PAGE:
It was an extraordinarily courageous step by Lavinia, one she doesn’t regret taking for the good that came out of it but, at the same time, there was “a huge personal cost”. She is also keen to praise the bravery of the late broadcaster in allowing her to talk. “He could have been fired.”
The reaction to the interview led to the then minister for justice, Pádraig Flynn, starting the process to change legislation: to allow victim-impact statements to be made in court and to give the Director of Public Prosecutions the power to appeal leniency of a sentence.
Yet it was only during filming for the recent two-part TV documentary series, No Country for Women, shown on RTÉ in June, that Lavinia for the first time really heard herself being thanked for what she had done.
That public acknowledgment, Lavinia explains, from the chief executive of the Dublin Rape Crisis Centre, Noeline Blackwell, gave her strength to re-emerge as a campaigning voice.
It was why she spoke at last month’s launch of the centre’s 2017 annual report, where she called on Garda Commissioner Drew Harris to show the same bravery as she had all those years ago. “We are now at a crossroads, and victims are crying out for change,” she told him, stressing how they need to be able to trust the justice system and know that reporting the crime is the right thing to do.
In 2017, 2,945 sexual offences were reported in the Republic, including 655 rapes, according to the Central Statistics Office. That same year the national 24-hour helpline run by the Dublin Rape Crisis Centre had 12,855 contacts, an increase of almost 500 on the previous year.
Revealing her identity on radio took courage, but less appreciated, perhaps, is the determination it took to make sure that the case went to court in the first place.
Lavinia came under “horrific pressure” to withdraw the complaint; within a small-knit community she was repeatedly being told that she was “ruining his life”.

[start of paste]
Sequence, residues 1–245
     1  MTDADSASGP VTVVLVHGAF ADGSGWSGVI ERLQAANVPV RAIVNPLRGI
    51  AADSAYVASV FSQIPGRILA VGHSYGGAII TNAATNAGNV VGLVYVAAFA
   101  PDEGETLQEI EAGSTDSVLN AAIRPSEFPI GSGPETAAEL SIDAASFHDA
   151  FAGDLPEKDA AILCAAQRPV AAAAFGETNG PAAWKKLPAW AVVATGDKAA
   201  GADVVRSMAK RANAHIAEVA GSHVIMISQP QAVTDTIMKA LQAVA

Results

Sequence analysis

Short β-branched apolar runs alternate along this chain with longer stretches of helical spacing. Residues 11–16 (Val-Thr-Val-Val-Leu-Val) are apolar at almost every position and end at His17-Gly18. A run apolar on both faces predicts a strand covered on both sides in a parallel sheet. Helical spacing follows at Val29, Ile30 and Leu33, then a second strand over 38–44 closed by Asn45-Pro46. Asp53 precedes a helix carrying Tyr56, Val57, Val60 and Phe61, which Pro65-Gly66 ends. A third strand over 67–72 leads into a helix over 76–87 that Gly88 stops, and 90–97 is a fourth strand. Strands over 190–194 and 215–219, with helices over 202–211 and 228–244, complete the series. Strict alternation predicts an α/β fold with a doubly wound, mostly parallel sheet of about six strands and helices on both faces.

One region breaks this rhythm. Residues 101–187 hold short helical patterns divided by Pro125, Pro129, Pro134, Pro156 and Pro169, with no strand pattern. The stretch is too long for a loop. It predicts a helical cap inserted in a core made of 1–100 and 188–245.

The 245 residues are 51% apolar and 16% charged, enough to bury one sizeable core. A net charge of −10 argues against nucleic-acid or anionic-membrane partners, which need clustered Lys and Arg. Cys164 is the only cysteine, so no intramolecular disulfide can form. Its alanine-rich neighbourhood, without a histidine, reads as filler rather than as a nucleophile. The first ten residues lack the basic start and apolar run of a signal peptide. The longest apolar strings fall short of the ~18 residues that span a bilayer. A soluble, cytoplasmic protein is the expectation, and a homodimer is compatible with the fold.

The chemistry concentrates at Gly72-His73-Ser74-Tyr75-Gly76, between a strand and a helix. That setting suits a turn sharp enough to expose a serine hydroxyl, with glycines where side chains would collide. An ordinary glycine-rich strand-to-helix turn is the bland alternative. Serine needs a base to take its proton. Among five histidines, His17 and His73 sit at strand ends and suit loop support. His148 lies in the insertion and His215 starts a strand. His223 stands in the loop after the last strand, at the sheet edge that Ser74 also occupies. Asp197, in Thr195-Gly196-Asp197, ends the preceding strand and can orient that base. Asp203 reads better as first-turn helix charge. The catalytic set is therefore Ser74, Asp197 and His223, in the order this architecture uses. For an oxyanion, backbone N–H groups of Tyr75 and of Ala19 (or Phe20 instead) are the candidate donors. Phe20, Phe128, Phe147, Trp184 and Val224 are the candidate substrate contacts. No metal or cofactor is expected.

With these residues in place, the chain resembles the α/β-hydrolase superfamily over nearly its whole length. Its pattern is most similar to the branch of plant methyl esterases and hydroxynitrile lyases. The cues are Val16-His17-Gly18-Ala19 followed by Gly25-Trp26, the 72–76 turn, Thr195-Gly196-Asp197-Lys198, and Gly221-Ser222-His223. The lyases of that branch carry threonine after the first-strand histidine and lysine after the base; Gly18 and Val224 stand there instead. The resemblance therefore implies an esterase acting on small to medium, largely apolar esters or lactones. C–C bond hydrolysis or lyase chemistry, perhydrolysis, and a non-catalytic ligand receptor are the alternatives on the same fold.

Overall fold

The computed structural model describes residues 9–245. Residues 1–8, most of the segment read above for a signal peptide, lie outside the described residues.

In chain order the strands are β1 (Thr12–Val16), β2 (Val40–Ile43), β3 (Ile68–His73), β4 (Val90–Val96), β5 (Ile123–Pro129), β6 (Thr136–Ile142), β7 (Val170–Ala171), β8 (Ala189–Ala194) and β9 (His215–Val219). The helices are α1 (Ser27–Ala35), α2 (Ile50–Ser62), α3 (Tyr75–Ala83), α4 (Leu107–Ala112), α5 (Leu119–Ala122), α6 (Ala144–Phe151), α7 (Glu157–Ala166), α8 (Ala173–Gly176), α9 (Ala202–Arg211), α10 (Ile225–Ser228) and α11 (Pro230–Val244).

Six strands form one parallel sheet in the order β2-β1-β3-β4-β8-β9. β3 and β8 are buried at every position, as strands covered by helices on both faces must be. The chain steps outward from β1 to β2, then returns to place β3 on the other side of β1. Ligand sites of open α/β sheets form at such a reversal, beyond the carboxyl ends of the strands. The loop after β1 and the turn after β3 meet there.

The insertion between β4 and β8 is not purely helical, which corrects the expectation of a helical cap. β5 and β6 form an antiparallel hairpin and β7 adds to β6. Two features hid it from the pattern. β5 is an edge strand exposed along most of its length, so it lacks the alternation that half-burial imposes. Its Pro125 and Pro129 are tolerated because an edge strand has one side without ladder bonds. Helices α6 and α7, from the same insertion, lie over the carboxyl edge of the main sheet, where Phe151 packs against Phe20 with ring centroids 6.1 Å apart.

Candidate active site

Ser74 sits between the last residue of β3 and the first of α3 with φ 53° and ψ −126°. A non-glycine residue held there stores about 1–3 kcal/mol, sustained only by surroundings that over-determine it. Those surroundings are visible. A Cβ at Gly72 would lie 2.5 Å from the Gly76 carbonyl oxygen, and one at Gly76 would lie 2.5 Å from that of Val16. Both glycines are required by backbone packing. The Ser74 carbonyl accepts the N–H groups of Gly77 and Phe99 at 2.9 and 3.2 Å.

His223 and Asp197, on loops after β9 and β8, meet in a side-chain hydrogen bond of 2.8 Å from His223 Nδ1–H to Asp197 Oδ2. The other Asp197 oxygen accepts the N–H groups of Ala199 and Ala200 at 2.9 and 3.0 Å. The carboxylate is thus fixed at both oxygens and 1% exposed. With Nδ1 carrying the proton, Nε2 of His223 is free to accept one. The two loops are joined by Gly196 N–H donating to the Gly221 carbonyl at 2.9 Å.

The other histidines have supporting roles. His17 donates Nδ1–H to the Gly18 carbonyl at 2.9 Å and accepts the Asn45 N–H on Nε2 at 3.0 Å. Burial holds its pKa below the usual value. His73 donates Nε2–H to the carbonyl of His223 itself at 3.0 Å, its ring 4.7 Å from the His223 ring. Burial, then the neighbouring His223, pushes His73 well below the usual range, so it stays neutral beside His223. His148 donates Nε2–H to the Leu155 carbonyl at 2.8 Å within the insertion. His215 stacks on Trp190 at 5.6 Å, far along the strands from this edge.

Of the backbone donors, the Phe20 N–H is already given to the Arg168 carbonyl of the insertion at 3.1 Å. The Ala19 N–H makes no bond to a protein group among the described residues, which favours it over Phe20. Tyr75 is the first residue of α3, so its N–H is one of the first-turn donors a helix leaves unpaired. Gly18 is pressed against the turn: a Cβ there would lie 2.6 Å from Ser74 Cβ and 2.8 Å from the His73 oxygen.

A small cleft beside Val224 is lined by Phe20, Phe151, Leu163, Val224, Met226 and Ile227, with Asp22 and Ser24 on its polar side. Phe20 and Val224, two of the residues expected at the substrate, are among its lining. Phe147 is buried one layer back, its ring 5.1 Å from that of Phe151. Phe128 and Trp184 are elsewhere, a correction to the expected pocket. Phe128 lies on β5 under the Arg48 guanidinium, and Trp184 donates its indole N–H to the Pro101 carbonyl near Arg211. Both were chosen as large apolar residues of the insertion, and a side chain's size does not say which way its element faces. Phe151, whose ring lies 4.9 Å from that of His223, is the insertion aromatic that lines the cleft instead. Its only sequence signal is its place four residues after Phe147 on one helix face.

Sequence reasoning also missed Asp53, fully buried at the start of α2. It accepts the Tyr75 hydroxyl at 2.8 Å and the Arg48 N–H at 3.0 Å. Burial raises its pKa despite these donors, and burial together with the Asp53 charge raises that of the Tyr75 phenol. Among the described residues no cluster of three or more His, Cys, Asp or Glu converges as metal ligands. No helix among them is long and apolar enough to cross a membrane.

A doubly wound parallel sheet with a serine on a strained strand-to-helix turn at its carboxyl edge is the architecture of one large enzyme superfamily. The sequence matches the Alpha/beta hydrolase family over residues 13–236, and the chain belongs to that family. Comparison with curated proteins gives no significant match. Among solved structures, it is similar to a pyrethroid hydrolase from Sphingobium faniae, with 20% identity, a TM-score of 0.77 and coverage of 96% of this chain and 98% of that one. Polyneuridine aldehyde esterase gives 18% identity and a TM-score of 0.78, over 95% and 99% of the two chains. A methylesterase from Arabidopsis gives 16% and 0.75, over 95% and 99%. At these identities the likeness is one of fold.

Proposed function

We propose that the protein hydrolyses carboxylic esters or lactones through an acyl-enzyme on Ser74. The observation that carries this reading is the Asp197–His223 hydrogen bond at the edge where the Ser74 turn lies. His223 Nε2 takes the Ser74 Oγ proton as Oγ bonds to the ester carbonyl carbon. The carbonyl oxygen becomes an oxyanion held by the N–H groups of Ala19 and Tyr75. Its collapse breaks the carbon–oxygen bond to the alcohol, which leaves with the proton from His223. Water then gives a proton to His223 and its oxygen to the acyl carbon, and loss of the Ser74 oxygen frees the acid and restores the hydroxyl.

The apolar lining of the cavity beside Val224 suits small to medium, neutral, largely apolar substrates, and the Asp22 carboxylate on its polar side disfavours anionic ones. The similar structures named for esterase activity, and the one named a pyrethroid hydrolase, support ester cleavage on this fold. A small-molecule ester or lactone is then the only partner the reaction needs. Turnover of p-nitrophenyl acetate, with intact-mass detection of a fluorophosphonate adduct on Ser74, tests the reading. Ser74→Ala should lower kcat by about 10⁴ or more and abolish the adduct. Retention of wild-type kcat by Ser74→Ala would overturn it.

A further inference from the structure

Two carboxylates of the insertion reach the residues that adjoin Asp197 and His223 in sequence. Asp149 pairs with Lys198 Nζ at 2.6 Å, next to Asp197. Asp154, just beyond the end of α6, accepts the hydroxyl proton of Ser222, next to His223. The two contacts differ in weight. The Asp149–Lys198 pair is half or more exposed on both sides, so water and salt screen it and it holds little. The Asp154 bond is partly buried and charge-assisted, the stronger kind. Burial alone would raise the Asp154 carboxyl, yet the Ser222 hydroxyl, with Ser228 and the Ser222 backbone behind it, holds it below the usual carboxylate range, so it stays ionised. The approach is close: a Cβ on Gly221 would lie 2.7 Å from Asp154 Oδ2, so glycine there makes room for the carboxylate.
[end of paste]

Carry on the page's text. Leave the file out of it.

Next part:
“We were in court five times, and every time the pressure, pressure, pressure.” A memory that she says she must have suppressed, as she hasn’t spoken about it, was a grim visit to a unit in Waterford for medical attention several weeks after the rape and just a week before the accused’s first court appearance.
“I was very, very badly injured, you know, internally and everything, and I’d say it was about a month later I developed an infection.” It needed treatment and “you’re wide awake while this is going on … your heart is breaking and you’re thinking, God I thought the rape was horrific but the lifelong injuries ... ”
However, she also remembers it as a turning point in her resolve to see the case through, as she had suffered so much already.
‘This walking skeleton’
“I think it’s important this time of the year to kind of throw the reality of being raped out there, that it doesn’t stop at being raped. It’s all the bad bits that go with it. There’s a whole catalogue of events that work around it. But the thing is that you never asked for that.
“I said ‘no’, you know,” she continues with an intent gaze, “and I was a virgin at the time so I will never forget the bleeding.”
The eating disorder Lavinia developed brought her close to death. She spent the best part of her 20s in hospital, mostly in St Vincent’s in Dublin. “Then, when I was at home, I was in Luke’s being tube-fed and I was only brought out in the night for a bath, you know, because people didn’t like to look at this skeleton, this walking skeleton.”
She believes her anorexia was a way of imprisoning herself. “You’re on a bed, for weeks on end, so that was, I suppose, a punishment, and then there was a lot of media attention. Yeah, so it was tough. How the hell did I survive all that?”
She often wonders why she punished herself in that way and she’s not sure, even now, if she has fully forgiven herself. For what? “When every door has been closed at you, you think it must be your fault. You’ll always self-blame. You’ll always think, well, if only.”
‘I survived it, barely’
It’s why she is strongly advocating not only legal representation for rape victims in court but also, no matter what the outcome, a structured after-care service to help in their recovery. “We are trying to put our lives back together again.”
Has she reached the stage of being reasonably content with herself? “I can get up in the morning; I survived it, barely. Maybe I would be content, yeah,” she muses. “I’ve never been asked that before.
“People don’t ask me an awful lot of personal things. They only want to know about, what you did and, you know, how did it feel and nobody wants to kind of know who you are.”